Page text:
If a homosexual couple asks a baker who is a devout Christian to bake their wedding cake and he refuses for religious reasons, should the State force him to bake the cake? A lot of people, predominantly those on the progressive side of the political spectrum but even some self-proclaimed libertarians, would say yes. Now let’s turn this around. Let’s say the mother of a child who is a fan of Donald Trump asks a baker who hates Trump to bake her son a Trump themed cake, should the baker be required to bake it:
Nine-year-old Dylan Harbin, aka “Pickle,” is such a big fan of President Donald Trump that his mother SueAnn tried to get him a Trump cake for his birthday. However, according to the Washington Post, bakeries in the Harbins’ home state of California have refused to make the cake, forcing the mother to bake the cake herself.
Interestingly enough, some of the people who wanted the State to force a Christian baker to bake a cake for a same-sex marriage don’t hold the same opinion in regards to this scenario.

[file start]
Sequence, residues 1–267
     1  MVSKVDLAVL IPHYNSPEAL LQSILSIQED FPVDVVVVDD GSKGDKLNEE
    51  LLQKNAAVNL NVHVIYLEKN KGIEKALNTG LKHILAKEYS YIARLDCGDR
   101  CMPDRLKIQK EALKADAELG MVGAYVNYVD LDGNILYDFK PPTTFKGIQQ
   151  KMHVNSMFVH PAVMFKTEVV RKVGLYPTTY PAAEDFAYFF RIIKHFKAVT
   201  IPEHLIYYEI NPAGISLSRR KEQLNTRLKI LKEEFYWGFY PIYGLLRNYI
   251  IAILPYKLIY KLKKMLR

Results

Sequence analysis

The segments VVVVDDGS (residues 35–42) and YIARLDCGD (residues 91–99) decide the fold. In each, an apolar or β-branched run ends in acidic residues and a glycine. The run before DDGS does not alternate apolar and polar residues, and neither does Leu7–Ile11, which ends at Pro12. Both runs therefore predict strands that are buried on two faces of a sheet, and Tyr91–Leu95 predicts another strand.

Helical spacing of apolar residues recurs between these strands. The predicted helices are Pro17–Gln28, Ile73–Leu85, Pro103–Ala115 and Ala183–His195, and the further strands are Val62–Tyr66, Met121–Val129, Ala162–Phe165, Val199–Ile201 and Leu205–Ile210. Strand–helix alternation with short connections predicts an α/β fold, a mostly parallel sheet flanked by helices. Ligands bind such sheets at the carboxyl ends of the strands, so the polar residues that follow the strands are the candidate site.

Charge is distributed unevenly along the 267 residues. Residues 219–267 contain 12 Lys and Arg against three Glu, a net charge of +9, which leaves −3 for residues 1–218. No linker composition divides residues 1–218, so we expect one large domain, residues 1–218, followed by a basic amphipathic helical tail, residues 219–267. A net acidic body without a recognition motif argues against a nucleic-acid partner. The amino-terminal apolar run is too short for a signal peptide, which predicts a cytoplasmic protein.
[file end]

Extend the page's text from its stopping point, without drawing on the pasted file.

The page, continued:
I support the principle of voluntary association, which includes voluntary disassociation. A devout Christian should be allowed to not bake a cake for a wedding they morally disagree with. Sure, I find them foolish for not taking the job but my personal morals rate coercing somebody into action they don’t want to take far worse than personal discrimination. Likewise, I think the bakers who refused to bake a Trump themed cake are rather foolish, they’re just leaving money on the table, but I also believe they have the right to decided whether or not they want to associate with customers who oppose their political beliefs.
If voluntary association doesn’t exist, no other rights can really be said to exist. Moreover, if somebody can force you to do something against your will, you’re not really free.